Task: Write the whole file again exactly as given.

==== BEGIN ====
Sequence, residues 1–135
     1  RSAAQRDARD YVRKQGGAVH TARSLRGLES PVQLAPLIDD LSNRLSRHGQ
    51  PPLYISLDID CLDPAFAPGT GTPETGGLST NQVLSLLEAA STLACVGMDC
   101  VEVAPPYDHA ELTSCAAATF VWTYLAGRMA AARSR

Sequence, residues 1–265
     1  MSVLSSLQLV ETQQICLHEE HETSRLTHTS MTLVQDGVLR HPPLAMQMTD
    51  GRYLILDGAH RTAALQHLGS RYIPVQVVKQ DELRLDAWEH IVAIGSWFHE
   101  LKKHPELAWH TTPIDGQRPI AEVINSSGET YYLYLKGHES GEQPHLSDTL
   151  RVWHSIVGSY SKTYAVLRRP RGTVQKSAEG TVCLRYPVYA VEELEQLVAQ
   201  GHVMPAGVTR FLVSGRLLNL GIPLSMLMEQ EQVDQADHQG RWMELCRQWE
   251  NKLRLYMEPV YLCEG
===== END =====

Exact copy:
Sequence, residues 1–135
     1  RSAAQRDARD YVRKQGGAVH TARSLRGLES PVQLAPLIDD LSNRLSRHGQ
    51  PPLYISLDID CLDPAFAPGT GTPETGGLST NQVLSLLEAA STLACVGMDC
   101  VEVAPPYDHA ELTSCAAATF VWTYLAGRMA AARSR

Sequence, residues 1–265
     1  MSVLSSLQLV ETQQICLHEE HETSRLTHTS MTLVQDGVLR HPPLAMQMTD
    51  GRYLILDGAH RTAALQHLGS RYIPVQVVKQ DELRLDAWEH IVAIGSWFHE
   101  LKKHPELAWH TTPIDGQRPI AEVINSSGET YYLYLKGHES GEQPHLSDTL
   151  RVWHSIVGSY SKTYAVLRRP RGTVQKSAEG TVCLRYPVYA VEELEQLVAQ
   201  GHVMPAGVTR FLVSGRLLNL GIPLSMLMEQ EQVDQADHQG RWMELCRQWE
   251  NKLRLYMEPV YLCEG